Continuing on from Part 1.

  1. RECOVERY options

Many cyclists finish their ride and then quickly run through a series of hip and leg stretches to relax and recover. While the lower body provides the horsepower it is important to also look after the upper body because that area can fatigue as well.

As part of the ‘quick off the bike’ recovery series you might gently arch backwards or reach overhead and stretch while you breathe out. There are many simple stretch routines, but most boils down to slowly moving in the opposite direction to your riding posture, breathing out, and then repeating the movement 5 – 6 times. The stretches don’t have to be complicated, fast, or forceful or take much time. It’s more about ‘opening up’ and ‘soothing things’ and ideally should include the entire body.

I use a PosturePole as part of my after-ride recovery; lying on the pole for ~ 10 minutes to allow gravity and a relaxation response go to work. This eases tension from the neck, shoulders and upper back, opens the chest and helps my breathing shift back down into the abdomen. Many cyclists swear by them.

 

  1. PREVENTION routines

Is for the longer-term; do these to make you a fitter, more injury free cyclist.

Why exercise off the bike? Many studies suggest that people who play a variety of sports have fewer injuries. While there is little evidence that those who ‘cross train’ can ride faster, what you do off the bike can reduce your injury risk so you can spend more time riding and less time sore and sorry.

The basic aim is to do activities that lengthen and strengthen your spine and the chest, neck and shoulder muscles. You also want to strengthen the muscles that act as stabilizers. These are often small but play an important role in keeping our joints and soft tissues in correct alignment so the bigger muscles can efficiently deliver their power.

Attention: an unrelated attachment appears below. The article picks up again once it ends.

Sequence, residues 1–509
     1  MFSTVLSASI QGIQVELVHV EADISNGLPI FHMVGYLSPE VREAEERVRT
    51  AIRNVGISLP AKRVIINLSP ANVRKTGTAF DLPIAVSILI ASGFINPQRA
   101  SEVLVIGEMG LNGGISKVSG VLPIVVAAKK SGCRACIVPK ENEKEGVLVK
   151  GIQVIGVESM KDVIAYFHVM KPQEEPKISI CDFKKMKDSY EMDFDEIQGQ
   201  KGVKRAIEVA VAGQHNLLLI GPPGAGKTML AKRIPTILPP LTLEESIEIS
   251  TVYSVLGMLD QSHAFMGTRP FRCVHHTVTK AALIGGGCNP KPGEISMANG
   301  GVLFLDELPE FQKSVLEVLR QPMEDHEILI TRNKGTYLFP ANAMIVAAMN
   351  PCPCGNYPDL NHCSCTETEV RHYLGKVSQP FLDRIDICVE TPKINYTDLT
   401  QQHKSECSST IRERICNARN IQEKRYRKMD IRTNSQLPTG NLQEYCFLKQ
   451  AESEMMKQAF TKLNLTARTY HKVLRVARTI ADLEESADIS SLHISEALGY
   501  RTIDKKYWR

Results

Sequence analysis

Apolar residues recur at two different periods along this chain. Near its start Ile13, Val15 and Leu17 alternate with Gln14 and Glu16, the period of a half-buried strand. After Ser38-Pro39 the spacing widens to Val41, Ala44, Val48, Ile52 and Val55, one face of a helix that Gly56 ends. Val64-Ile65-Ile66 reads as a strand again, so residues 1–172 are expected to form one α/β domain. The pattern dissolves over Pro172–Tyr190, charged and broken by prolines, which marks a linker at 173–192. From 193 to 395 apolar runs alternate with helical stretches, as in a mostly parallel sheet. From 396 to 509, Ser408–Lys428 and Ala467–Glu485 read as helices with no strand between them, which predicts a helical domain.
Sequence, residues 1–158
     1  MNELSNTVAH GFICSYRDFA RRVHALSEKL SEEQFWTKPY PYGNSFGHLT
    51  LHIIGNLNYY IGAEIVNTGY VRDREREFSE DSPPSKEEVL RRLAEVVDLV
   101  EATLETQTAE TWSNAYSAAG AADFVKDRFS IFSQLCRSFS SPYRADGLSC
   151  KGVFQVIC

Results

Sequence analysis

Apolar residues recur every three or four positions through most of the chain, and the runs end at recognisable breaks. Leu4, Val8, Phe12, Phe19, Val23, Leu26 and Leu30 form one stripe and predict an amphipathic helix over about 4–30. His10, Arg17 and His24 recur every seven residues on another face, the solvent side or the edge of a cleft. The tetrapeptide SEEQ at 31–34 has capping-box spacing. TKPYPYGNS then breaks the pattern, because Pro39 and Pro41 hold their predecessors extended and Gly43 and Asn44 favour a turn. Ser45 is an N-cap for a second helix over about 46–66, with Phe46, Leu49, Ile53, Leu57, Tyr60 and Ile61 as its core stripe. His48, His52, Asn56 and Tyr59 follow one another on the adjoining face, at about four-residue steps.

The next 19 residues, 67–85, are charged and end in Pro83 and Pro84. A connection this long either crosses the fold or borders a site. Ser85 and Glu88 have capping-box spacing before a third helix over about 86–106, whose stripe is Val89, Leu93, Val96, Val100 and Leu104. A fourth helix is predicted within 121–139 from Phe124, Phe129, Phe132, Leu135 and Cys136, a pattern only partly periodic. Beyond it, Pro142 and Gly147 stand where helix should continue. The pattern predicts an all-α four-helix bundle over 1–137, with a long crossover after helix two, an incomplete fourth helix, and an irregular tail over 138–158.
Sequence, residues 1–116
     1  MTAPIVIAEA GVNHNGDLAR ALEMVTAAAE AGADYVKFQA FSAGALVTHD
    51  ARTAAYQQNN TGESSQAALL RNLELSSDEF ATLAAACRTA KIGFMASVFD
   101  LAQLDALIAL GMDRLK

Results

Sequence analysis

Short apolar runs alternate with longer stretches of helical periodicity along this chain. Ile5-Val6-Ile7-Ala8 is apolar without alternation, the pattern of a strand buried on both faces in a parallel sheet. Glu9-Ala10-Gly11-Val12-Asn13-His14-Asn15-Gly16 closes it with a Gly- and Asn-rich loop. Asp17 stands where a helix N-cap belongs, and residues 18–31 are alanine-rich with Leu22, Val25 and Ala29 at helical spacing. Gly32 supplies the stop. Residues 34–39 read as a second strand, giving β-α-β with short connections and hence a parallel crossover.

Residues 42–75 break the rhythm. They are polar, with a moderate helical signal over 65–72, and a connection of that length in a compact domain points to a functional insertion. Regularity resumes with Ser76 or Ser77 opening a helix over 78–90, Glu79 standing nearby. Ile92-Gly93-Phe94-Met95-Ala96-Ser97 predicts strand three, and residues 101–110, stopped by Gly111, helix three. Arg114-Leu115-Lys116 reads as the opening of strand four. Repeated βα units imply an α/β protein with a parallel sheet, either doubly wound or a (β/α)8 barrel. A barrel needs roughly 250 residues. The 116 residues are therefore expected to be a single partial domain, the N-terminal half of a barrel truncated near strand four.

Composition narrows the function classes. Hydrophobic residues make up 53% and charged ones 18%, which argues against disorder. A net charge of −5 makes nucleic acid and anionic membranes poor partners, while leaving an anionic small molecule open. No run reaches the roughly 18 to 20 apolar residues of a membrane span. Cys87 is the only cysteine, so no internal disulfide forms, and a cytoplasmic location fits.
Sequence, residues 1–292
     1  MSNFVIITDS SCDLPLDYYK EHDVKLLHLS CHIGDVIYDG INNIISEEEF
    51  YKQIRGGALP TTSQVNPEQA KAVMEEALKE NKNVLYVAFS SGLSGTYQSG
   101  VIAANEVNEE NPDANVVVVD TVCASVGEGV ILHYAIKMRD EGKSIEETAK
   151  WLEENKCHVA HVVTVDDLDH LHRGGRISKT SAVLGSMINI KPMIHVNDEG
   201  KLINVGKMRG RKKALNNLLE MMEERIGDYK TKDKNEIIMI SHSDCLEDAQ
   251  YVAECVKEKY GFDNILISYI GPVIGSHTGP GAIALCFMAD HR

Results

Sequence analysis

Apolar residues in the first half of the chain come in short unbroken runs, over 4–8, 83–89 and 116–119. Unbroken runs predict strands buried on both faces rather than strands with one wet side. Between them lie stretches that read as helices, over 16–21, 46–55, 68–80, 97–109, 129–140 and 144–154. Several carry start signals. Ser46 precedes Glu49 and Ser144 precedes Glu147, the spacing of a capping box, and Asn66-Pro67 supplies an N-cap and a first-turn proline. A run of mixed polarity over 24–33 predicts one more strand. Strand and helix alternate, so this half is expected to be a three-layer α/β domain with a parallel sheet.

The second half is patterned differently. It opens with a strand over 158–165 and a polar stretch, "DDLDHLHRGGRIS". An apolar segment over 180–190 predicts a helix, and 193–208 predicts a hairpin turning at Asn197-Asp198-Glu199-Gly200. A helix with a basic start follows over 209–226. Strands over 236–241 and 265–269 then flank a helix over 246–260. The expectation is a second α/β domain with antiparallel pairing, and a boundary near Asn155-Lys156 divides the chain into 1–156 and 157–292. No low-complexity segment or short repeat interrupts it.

I recommend Yoga or Pilates; they’re safe, effective and can improve both flexibility and posture. Often best to start with some basic classes that focus on what you can do at home. If you don’t like those then try swimming. Backstroke in particular can be helpful because it works your upper back and shoulders in the opposite direction to the time spent on the bike. A regular PosturePole session can also encourage a long relaxed spine and abdominal breathing.

For strength training experiment with a brief routine of free weights to tone your neck, shoulder, upper back and lower limb muscles. Short twice-weekly routines can help you become stronger without increasing muscle bulk. If you don’t like weights then try working with an exercise band. For the posture muscles the key is to work in the opposite direction to your forward curled cycling posture i.e. move against gravity. There are many helpful videos available online showing all sorts of ‘anti-gravity’ exercise routines.

If you don’t like Yoga, Pilates or the Gym than consider Rowing, it really fires up the back muscles. Or try something entirely different like Ballroom Dancing. While it may not be the first thing you think about regular dancing encourages a lengthened spine, healthy postural muscles and a good sense of balance.

The next strategy for injury prevention is to tune your Brain and Nervous System.

Why is this important? Your brain and nervous system is the autopilot controlling your postural muscles and determining how your body holds itself. If you spend your work hours slouching at a desk, and spare time curled over the handlebars, then your brain will start to think that being curled over is the new normal natural state.

You refresh your brain’s idea of good posture every time you do activities that emphasize being tall. You can also stimulate upright posture by challenging your balance. Start by balancing on one leg while brushing your teeth or walking heel-to-toes along a line. If easy challenge yourself by closing your eyes or by walking backwards. That is why activities like dancing and yoga tick a lot of boxes.

The key with any balance or posture exercise is repetition; aim to do little bits often so your ‘posture setting autopilot’ is constantly stimulated.

Surprisingly another helpful Brain – Posture Routine is learning how to Juggle.

How so? The act of Juggling encourages a lengthened spine, an open chest and turned out shoulders, which is in fact the opposite of the riding position.

Juggling also delivers a wonderful side benefit for cyclists; it exercises and improves peripheral vision. To juggle you can’t watch the individual balls; you look up and follow the movement of the balls just out of your line of sight. Improving the ability to ‘sense’ where people are around you, other riders in the group or passing cars, can make riding safer.

You can learn basic juggling with a few weeks of practice by following a number of on-line juggling videos on YouTube. Once mastered a couple of minutes of juggling each day will help tune your brain, improve your posture and possibly sharpen your awareness so you may feel a little safer on the road.